ABFER Welcome Dinner
Keynote Speech by Professor Darrell Duffie
Fragmentation Risks to the
Dollar-Dominated International Financial Order
Sustaining the benefits of the US dollar's unmatched position among global currencies has captured the attention of US policymakers. Geopolitical competitors and new payment system providers threaten fragmentation of the international financial system. The market for US Treasury securities, bulwark of the dollar as a reserve currency, has outgrown its ability to effectively intermediate crisis demands for liquidity. Heavy international reliance on dollar-based lending has also engendered crisis rollover risks to financial stability. How have policymakers been responding to these challenges and what more might they do?
Shangri-La Singapore, 22 Orange Grove Rd, Singapore 258350
"Fragmentation Risks to the Dollar-Dominated International Financial Order"
Professor Darrell DUFFIE
The Adams Distinguished Professor of Management and Professor of Finance, Stanford Graduate School of Business; Professor of Economics (by courtesy), School of Humanities and Sciences, Stanford University and Senior Fellow of ABFER
Darrell Duffie is The Adams Distinguished Professor of Management and Professor of Finance at Stanford Graduate School of Business. He is a fellow and member of the Council of the Econometric Society, a research fellow of the National Bureau of Economic Research, and a fellow of the American Academy of Arts and Sciences. Duffie was the 2009 president of the American Finance Association. In 2014, he chaired the Market Participants Group, charged by the Financial Stability Board with recommending reforms to Libor, Euribor, and other interest rate benchmarks. Duffie’s recent books include How Big Banks Fail (Princeton University Press, 2010), Measuring Corporate Default Risk (Oxford University Press, 2011), and Dark Markets (Princeton University Press, 2012).
Professor Bernard YEUNG
Stephen Riady Distinguished Professor in Finance and Strategic Management, NUS Business School, National University of Singapore and President of ABFER
Bernard Yeung is Stephen Riady Distinguished Professor in Finance and Strategic Management at the National University of Singapore Business School. He is also the President of the Asian Bureau of Finance and Economic Research. He was Dean of NUS Business School from June 2008 to May 2019. Before joining NUS, he was the Abraham Krasnoff Professor in Global Business, Economics, and Management at New York University (NYU) Stern School of Business. He has also served as the Director of the NYU China House, the honorary co-chair of the Strategy Department of the Peking University Guanghua School of Management. From 1988 to 1999, he taught at the University of Michigan and at the University of Alberta from 1983 to 1988.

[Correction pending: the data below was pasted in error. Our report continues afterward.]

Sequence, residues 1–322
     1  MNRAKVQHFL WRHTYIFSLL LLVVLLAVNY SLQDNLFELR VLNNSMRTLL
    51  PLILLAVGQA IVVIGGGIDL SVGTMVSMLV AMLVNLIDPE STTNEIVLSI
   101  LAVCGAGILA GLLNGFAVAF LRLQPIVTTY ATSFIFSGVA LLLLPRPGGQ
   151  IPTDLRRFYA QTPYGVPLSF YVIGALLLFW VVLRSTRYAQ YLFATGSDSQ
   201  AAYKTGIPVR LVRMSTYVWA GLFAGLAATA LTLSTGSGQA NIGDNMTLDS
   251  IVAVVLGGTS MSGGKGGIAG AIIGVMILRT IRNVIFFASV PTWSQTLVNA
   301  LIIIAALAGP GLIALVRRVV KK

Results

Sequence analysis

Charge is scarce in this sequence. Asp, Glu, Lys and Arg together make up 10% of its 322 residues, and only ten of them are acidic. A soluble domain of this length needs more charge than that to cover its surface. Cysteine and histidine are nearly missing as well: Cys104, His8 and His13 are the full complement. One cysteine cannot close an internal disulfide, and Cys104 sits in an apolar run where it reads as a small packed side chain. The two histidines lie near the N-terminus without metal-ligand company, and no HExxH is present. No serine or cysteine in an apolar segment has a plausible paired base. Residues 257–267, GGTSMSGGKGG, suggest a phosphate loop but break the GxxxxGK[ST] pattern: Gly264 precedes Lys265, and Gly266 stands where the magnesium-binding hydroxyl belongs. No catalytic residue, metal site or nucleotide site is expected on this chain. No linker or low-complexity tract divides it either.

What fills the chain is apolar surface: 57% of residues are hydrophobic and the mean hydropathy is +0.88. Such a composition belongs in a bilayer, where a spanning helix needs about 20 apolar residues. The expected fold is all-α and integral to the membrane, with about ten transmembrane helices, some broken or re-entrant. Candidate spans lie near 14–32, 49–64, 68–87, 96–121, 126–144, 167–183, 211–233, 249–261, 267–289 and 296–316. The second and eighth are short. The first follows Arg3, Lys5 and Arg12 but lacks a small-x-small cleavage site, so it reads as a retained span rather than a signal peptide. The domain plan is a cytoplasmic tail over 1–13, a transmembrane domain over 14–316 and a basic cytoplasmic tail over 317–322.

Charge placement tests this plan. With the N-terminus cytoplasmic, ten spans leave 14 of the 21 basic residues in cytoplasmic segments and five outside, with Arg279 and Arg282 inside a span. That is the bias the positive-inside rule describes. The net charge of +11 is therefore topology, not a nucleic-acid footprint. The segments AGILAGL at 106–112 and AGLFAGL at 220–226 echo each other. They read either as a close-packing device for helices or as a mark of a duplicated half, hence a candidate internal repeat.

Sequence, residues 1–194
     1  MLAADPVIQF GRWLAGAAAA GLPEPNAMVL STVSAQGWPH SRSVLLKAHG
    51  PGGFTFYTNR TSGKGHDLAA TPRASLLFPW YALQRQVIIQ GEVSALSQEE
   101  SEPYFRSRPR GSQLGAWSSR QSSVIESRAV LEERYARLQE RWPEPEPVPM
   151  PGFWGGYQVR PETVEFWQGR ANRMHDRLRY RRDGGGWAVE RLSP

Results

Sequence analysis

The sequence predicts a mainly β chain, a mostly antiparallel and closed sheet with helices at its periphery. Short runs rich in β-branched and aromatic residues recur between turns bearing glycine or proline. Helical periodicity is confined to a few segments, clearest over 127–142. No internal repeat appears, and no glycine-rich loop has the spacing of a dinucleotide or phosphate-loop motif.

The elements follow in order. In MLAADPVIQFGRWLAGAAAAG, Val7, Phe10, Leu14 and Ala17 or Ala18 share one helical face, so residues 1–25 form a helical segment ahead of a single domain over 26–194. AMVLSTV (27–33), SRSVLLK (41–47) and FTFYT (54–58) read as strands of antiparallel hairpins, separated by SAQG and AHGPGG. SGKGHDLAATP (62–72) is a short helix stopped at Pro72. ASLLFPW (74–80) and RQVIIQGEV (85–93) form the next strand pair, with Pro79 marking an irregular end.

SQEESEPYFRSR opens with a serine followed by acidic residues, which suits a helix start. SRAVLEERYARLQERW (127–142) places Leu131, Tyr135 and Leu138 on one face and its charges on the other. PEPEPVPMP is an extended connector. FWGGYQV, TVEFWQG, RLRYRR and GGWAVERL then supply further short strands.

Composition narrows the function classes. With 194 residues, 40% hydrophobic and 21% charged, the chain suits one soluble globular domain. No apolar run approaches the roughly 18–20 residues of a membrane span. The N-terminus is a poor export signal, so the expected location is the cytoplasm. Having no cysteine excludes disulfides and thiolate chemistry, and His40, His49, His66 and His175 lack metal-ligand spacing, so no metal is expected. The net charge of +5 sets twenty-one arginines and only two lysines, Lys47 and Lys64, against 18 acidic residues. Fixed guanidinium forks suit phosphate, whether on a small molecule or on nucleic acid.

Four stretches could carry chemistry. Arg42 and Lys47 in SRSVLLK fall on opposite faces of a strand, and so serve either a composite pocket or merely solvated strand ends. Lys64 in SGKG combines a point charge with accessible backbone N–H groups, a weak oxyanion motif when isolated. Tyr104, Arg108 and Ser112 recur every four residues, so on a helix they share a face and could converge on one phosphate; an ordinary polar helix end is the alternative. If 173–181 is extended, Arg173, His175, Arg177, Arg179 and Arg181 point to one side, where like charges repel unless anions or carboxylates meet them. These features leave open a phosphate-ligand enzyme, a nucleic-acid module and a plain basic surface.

Professor Yeung has published widely in academic journals covering topics in Finance, Economics, and Strategy; his writing also appears in top-tier media publications such as The Financial Times, Economist, and The Wall Street Journal.
He won the Public Administration Silver Medal (2018) in Singapore, Irwin Outstanding Educator Award (2013) from the Academy of Management and is an elected Fellow of the Academy of International Business.
Professor Yeung was a member of the Economic Strategies Committee in Singapore (2009), a member of the Social Science Research Council (SSRC) in Singapore (2016-2018) and a member of the Financial Research Council of the Monetary Authority of Singapore (2010 -2013).
Professor Yeung sits on the 3rd Advisory Board of the Antai College of Economics and Management at Shanghai Jiao Tong University, the Advisory Council of the Economics and Management School of Wuhan University and the Advisory Committee of the Institute of Economics, Academia Sinica. Professor Yeung also serves as an independent Non-Executive Director of the Bank of China (BOC) Aviation Limited since 2016.
Professor Yeung received his Bachelor of Arts in Economics and Mathematics from the University of Western Ontario and his MBA and PhD degrees from the Graduate School of Business at the University of Chicago.
30 minutes of keynote speech, 30 minutes of moderated discussion and 15 minutes for Q&A.